This week saw the publication of a report by the UK Parliamentary Committee for Environment, Food and Rural Affairs on the horsemeat scandal that affected much of Europe earlier this year. The MPs who make up the Committee have clearly looked at the affair in detail and are not impressed by some aspects of the UK response to it. They are particularly concerned that no one has yet been prosecuted for the adulteration of beef with horsemeat and disillusioned with the slow pace of the investigation.
I’m not sure that these complaints are entirely justified. The lack of prosecutions in the UK is probably a consequence of there being no evidence that any of the businesses involved did anything wrong. The British food industry is more victim than villain in this instance. The same is probably true of many of the food manufacturers affected in other countries. The adulteration was almost certainly perpetrated by unscrupulous traders and middlemen somewhere along what the MPs acknowledge is an extremely complex international supply chain. That complexity is one reason why the investigation seems to be so slow. I’m confident that the offenders will eventually be brought to book, but it will take time. There is no point in rushing to prosecute merely to help restore public confidence in the meat industry. All that will do is create scapegoats, while making it more likely that the real culprits escape justice.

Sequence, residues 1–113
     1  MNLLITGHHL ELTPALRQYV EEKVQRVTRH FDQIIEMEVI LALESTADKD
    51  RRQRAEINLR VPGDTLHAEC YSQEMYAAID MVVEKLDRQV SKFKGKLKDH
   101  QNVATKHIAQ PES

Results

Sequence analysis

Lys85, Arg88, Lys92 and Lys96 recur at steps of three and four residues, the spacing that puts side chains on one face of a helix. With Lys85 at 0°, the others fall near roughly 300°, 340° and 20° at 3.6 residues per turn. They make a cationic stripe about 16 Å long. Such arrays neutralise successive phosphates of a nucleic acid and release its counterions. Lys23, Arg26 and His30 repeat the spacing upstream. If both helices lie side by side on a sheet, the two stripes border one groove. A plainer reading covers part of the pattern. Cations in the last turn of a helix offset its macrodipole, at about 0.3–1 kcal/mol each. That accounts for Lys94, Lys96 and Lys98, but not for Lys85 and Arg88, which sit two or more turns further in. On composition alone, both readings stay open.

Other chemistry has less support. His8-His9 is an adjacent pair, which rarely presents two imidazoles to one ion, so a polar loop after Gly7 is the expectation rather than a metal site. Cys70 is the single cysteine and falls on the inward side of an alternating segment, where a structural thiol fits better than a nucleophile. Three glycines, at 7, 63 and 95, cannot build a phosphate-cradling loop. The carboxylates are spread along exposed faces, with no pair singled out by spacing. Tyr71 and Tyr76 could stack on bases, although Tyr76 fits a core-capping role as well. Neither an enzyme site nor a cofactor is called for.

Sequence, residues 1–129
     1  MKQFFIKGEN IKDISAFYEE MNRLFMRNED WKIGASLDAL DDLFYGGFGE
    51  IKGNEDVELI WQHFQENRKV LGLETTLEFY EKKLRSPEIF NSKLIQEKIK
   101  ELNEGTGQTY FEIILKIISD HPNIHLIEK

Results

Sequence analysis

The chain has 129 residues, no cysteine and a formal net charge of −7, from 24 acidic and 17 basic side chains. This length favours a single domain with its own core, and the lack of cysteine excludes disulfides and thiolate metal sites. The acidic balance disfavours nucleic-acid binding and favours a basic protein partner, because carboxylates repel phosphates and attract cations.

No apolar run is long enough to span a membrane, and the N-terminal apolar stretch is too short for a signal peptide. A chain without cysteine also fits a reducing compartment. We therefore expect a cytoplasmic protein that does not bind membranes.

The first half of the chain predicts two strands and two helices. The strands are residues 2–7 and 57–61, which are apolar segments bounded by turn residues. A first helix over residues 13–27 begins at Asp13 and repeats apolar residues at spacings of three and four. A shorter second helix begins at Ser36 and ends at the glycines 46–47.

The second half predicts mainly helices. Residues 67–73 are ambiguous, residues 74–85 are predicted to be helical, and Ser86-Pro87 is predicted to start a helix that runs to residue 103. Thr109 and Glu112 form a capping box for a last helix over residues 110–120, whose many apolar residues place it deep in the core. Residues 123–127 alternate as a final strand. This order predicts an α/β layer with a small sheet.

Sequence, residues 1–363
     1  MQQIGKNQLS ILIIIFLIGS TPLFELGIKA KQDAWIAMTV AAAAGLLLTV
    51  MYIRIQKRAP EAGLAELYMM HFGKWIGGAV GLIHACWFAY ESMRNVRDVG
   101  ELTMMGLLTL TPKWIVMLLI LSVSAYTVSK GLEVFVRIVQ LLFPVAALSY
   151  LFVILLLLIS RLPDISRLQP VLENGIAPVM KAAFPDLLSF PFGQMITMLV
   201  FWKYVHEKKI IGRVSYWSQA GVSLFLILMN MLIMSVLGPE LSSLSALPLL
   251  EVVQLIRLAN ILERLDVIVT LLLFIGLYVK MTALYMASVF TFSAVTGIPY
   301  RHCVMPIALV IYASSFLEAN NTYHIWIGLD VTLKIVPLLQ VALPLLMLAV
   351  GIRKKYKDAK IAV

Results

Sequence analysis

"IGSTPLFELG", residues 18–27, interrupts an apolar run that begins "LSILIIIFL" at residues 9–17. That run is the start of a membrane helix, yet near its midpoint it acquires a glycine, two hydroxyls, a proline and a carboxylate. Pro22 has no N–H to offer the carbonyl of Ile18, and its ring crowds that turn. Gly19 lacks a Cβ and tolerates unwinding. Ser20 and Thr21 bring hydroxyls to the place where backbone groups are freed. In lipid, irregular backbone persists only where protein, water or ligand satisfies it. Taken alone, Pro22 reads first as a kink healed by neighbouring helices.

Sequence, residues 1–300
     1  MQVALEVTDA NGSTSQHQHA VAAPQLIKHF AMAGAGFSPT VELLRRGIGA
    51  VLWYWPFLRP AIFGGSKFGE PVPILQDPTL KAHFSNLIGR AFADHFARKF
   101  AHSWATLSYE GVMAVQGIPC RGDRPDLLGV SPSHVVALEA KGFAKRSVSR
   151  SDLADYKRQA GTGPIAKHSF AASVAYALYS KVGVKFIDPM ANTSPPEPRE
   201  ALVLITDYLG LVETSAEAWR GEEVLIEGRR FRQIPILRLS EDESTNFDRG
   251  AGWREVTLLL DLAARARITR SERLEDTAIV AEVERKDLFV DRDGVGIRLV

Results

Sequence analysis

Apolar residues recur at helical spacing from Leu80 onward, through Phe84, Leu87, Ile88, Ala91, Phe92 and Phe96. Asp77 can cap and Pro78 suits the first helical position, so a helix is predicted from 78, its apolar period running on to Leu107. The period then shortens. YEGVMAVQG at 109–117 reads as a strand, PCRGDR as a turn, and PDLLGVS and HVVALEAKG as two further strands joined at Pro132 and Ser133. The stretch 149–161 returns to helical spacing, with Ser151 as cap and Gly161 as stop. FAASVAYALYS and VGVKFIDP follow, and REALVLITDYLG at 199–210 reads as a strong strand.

On the other hand, the Committee also raises concerns about the lack of trained public analysts and laboratories in the UK, a real concern that needs urgent action. Public analysts are highly skilled professionals who have to complete an extensive training period before they are qualified to take their position in the frontline of protecting consumers. There are now 24 public analysts laboratories in the UK, some in the public sector, some privately owned and operated, but not so long ago there were at least twice that number. Budgets for food testing have been progressively squeezed by successive governments since the 1970s, so that the capacity to react to major contamination incidents is now much smaller than it was. The Committee report even suggests that food samples may have to be sent abroad for testing – a ridiculous state of affairs in a country that more or less invented modern food standards and regulation more than 150 years ago.